We (CEEALAR) have been talking to our paid staff about the idea of doing something like 'annual compensation of $x plus y% of any funding the organisation receives' - the idea being to try and emulate the incentives behind the stock-based compensation that startup employees receive.
I'm surprised that on reflection I haven't heard of other EA orgs trying something like this. Does it seem like a reasonable idea? Are there hidden pitfalls - or upsides? Are there more nuanced ways of doing something like this that might work better?
A couple of concerns with the initial idea:
- An employee of a for-profit gets to keep their stock even after they leave, so long-term benefits they bring to the org would still be rewarded in expectation, which wouldn't apply in this approach. Perhaps we could make the per-instance value of y lower, but commit to 'paying' them a gradually decreasing percentage of donations even after they leave?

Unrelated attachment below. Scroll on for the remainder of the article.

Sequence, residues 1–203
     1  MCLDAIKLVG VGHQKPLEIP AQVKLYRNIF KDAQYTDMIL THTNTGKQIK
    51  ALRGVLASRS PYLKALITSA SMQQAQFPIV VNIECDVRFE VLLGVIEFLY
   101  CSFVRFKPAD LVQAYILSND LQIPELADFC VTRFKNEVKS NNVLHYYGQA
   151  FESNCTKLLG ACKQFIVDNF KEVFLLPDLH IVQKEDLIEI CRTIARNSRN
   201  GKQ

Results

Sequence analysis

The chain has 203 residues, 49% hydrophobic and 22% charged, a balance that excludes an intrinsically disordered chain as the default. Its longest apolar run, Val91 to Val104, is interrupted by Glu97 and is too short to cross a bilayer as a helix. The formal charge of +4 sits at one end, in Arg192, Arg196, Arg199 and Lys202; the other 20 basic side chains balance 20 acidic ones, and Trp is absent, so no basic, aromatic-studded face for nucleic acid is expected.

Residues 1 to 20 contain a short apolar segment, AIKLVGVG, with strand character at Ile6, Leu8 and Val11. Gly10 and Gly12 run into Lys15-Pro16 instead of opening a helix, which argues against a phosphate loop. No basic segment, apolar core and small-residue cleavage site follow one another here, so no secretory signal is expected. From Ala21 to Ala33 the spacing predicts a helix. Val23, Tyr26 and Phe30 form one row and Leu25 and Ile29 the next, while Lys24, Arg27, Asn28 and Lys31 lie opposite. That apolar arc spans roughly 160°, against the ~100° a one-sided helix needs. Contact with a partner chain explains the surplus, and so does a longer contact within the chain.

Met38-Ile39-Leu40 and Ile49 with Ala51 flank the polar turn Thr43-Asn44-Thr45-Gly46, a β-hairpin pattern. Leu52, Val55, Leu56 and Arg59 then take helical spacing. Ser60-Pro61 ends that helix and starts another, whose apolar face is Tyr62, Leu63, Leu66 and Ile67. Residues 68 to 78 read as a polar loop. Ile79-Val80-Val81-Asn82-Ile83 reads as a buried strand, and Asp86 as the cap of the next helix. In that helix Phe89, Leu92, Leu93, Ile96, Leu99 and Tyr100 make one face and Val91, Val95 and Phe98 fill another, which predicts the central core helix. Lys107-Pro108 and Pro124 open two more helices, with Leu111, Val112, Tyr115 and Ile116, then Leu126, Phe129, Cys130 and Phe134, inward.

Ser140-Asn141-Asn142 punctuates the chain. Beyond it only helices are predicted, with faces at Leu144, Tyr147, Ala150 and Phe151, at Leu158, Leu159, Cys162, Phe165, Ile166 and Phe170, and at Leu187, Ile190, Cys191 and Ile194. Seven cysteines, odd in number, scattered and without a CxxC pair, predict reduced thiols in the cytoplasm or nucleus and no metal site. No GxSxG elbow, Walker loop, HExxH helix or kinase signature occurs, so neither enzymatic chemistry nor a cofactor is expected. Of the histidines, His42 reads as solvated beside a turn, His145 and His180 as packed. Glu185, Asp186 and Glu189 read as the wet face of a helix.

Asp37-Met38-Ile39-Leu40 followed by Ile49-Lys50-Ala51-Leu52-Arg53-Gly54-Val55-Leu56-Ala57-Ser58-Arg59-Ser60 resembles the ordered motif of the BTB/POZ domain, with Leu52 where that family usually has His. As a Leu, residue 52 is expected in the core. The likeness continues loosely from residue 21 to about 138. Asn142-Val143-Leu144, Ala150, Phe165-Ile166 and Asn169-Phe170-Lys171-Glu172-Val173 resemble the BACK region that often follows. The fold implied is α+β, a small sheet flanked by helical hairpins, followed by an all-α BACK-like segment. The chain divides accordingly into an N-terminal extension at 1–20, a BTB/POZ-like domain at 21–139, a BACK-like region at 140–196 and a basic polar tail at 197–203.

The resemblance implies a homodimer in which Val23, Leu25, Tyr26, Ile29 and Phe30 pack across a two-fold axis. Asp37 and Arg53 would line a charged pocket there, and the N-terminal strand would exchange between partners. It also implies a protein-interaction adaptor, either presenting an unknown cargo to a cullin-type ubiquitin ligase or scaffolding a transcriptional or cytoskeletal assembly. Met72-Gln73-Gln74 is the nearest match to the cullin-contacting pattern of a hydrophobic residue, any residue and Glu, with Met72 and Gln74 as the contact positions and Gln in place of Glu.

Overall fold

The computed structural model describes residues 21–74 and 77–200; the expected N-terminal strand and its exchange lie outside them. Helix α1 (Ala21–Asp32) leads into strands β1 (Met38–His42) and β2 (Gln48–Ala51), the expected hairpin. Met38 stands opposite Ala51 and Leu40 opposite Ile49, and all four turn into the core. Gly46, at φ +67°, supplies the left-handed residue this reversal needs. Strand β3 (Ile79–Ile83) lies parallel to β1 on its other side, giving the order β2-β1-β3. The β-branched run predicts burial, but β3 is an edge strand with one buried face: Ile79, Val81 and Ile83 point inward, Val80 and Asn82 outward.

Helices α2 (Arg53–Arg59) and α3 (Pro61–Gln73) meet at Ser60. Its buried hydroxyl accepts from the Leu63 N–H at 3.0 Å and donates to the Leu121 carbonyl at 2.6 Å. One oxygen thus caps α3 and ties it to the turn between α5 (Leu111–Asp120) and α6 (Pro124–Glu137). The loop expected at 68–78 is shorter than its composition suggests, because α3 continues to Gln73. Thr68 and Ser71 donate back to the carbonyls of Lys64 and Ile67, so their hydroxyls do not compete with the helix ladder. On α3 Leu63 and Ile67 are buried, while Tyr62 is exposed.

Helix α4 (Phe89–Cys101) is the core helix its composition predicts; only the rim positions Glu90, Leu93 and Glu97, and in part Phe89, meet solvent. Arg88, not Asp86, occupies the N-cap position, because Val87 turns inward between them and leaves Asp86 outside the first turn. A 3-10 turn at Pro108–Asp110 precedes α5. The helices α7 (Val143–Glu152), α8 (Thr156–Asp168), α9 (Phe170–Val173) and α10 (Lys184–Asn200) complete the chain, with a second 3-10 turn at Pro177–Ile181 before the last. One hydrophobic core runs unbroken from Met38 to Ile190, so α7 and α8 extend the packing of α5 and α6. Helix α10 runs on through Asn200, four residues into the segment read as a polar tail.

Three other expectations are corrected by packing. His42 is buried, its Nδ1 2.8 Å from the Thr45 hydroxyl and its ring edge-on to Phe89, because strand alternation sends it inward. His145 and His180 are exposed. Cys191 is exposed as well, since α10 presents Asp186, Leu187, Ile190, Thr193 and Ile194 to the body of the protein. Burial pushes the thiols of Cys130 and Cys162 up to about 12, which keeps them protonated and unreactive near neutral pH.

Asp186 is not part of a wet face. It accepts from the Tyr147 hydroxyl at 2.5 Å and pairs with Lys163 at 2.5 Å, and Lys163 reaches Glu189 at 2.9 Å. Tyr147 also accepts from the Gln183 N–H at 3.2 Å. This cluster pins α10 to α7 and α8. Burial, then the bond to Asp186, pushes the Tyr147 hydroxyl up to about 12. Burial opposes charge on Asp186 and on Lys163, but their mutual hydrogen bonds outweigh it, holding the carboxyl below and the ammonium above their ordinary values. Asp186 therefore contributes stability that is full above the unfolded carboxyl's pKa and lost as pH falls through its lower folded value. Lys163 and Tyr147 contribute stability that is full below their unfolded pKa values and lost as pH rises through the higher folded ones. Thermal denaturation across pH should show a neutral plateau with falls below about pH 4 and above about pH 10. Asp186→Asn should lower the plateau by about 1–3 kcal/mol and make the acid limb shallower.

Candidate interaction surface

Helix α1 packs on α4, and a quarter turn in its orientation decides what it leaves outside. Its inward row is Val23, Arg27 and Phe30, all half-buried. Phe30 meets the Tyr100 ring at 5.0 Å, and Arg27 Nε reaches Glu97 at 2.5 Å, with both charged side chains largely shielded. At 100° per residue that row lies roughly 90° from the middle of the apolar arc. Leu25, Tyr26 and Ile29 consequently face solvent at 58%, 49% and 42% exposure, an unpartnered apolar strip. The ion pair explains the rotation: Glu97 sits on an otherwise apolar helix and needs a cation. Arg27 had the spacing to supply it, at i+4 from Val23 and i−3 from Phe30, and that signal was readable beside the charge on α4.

- Unlike a for-profit we're not trying to maximise income - the ideal would presumably be that we stabilise long-term at maybe a couple of years runway, or a single year, but with a stream of reliable regular donations coming in. So as long as the organisation keeps operating, y would end up being a constant, rather than the variable with unlimited upside that stock would be. Maybe this is just fine, though? The better work the staff do, the more likely the org is to keep operating, and the value of y in that scenario could just be 'something slightly higher than a simple salary would have been' - without the huge potential payoff, but still aligning incentives pretty well.
ETA: To clarify based on comments, the idea is not that staff would necessarily be involved with fundraising, any more than startup employees are expected to promote the stock price. The idea is that 'nonprofit staff doing a good job overall' is to EA funding as 'for-profit staff doing a good job overall' is to stock price: a noisy signal, but more encompassing than perhaps any other.